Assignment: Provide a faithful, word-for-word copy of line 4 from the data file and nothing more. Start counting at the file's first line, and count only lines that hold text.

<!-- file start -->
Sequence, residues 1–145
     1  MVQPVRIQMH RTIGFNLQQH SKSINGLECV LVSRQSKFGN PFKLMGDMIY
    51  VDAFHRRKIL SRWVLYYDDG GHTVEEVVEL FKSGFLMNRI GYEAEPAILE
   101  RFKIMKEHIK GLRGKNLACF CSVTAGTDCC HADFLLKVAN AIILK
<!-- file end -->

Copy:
   101  RFKIMKEHIK GLRGKNLACF CSVTAGTDCC HADFLLKVAN AIILK